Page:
Burn-out: An omen of a new world
Burnout is everywhere. Every week I hear a new story on the radio or I read a staggering new statistic in the newspaper. The analyses are thrown around: too much work, too little rest, too much distraction by new technology, too little resilience of the younger generations, too little self-discipline, stressful combination of work and family life.
Burnout is not anymore about work. Proof be the burnouts among students, stay-at-home parents and burnouts among jobseekers. As a psychotherapist I’ve seen the myriad of people struck by burn-out: young, old, successful or at the bottom, with or without a job, healthy or sick, rich or poor. Burnout is the great equalizer it seems.
I’ve been fascinated by burnout for a long time and I’ve come to belief that burnout is not at all a disease, or a shortcoming.
It is an omen, a symptom, a harbinger. Burn-out is telling us something is not working anymore. It is the canary in the coal-mines. An old world view is crumbling, and at the same time something new and exciting is being born into this world.
The old world view that is dying is a world view in which our deepest value as human beings has been made conditional. It is a society in which value, love and inclusion must be earned. All of us have been told the manifest toxic lie that we have to prove ourselves – from school and college onwards, and throughout our adult careers. And in more recent times, the constant struggle to prove our worth has spread onto social media, where we now prove our constant success to our social circle, from the holidays we take to the meals we eat.
Everything is our life has become a statement, an unconscious throbbing yearning to belong, to be appreciated, to be loved. Since we have been marinated in this culture of conditionality from childhood, we no longer notice it. And yet, within most of us, a deep-seated belief has taken root: “I am only worth something if or as long as I …”.
It it this compulsion of constantly proving our value which makes us collectively sick. In this culture, our constant yearning for appreciation remains unmet. It’s a vicious cycle. The more conditional we make love and appreciation, the more we try being a certain way or doing certain things in order to obtain it. But conditional love is by its very nature impermanent. So the cycle of striving begins anew. No wonder we burn out. No wonder so many people yearn for retirement – a time when we finally don’t have to prove ourselves anymore.
At a societal level, our instilled belief that our value is conditional on what we do or have, feeds a culture of fierce competition in which people weigh their worth against each other, in which we want to elbow our way to the top of the mountain in the vain hope of still receiving value and love. Once we are there, however, we feel the emptiness of it. It’s the stuff mid-life crisis is made of.
At the deepest level, however, this conditionality of our worth creates a world where people experience constant inner stress, fear of lack, fear of meaninglessness, and doubt about their inherent worth. It means we live in a constant state of emotional threat, of limbic fear. We feel chronically unsafe. Ultimately it is a world of separation and deep solitude. It drains us. No wonder we burn-out.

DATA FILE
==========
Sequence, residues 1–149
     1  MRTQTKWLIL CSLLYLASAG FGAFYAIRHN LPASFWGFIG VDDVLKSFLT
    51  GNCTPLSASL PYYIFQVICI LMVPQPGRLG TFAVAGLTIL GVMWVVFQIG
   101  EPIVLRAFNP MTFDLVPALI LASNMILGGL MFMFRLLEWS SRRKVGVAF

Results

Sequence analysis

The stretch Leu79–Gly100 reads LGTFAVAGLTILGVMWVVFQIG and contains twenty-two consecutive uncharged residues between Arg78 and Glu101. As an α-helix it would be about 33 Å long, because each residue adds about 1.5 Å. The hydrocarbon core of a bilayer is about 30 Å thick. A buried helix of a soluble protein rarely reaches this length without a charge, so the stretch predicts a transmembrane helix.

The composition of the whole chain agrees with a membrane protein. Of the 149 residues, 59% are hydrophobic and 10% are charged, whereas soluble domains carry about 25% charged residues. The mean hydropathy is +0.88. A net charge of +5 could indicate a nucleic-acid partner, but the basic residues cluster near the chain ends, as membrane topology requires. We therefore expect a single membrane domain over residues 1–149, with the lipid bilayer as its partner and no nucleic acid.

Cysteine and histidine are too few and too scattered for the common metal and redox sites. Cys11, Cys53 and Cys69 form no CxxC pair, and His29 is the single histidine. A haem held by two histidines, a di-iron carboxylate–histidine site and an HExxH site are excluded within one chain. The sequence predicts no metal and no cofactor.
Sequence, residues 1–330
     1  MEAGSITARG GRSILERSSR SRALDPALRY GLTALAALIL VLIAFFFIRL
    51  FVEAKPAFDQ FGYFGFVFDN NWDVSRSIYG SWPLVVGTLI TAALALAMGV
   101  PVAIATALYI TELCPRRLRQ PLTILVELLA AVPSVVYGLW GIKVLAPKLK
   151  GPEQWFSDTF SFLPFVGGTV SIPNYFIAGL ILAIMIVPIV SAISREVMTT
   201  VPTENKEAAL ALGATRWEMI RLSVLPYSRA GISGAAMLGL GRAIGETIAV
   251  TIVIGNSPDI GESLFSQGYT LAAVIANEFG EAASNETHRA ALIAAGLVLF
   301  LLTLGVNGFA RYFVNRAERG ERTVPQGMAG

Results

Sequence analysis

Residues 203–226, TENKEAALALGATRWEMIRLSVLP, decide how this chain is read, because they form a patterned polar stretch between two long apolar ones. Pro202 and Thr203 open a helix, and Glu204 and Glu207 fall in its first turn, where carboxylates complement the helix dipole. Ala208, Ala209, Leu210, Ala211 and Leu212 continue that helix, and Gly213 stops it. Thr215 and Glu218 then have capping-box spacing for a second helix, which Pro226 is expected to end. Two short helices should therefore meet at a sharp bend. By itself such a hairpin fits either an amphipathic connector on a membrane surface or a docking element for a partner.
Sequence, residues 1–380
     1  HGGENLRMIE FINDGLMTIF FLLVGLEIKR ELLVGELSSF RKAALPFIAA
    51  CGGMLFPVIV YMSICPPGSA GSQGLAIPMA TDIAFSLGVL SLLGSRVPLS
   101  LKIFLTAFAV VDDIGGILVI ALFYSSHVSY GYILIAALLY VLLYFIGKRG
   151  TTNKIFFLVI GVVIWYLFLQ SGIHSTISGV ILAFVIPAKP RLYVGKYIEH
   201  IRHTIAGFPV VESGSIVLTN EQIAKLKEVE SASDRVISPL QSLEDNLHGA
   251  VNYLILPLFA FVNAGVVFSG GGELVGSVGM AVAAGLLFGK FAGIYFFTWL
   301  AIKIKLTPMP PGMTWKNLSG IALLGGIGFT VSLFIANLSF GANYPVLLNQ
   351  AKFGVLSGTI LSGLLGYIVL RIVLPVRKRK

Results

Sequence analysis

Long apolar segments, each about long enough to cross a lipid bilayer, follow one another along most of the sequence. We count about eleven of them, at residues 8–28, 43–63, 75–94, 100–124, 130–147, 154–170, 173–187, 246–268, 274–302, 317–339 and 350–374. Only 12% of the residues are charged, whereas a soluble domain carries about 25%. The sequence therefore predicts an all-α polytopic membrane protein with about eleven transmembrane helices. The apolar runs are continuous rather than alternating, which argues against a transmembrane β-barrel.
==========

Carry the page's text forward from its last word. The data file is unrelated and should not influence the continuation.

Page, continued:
I have come to see people suffering from burn-out as the vanguards, the champions of this new world. Those who come to me with burnout, exhaustion, stress or other psychological complaints are the ones whose hearts and souls finally say: I cannot and do not want to participate in this rat race any longer. I feel deflated, I feel the pointlessness of having to prove myself endlessly in this hamster wheel. I want another reality.
And as the number of people who see the pointlessness of it grows, so too do the contours of the new world that is being born.
A new world view
The new world view that wants to rise from the ashes is a drastic paradigm shift: from an unattainable external value to a deep knowing of our inherent value. From the never-ending rat race to prove ourselves to resting in the knowledge of being of value and importance to our community as our innate birthright.
It is a world where people no longer have to do anything to be seen, appreciated and included. It is a world of radical and unconditional inclusion. Your value as a human lies in you being a breathing, living human being. No further qualifications needed. No person left behind.
The generations that are now coming of age, are people who understand as no generation before them that our world is super-interconnected. It is a generation that has self-developed like no other before it (language, travel, studies) and is now looking how to be meaningful with all those talents and skills. It is a generation that understands that solely enriching yourself is being arrested in our human development. Self-development has no meaning if you can’t give yourself away to a bigger cause. All the people in burn-out that I have treated became happier and regained their productivity when they started dedicating their talents to some greater cause. They found a meaning, a sense of belonging.
And herein lies the essence of this new world view: happiness as a human being is not merely about developing oneself, one’s own abilities. The ultimate happiness lies in being able to give yourself – your talents and gifts – to a greater purpose. It is what contribution is all about.
Citizens of this new world know and feel that our deepest happiness in life lies in being meaningful to others. In other words, I give myself to the world, and the world gives me back a deep sense of belonging. The ultimate win-win.
People who give in to their burn-out are really the first citizens of this new world. I have profound respect for them. They are the people who will change our world. They are champions.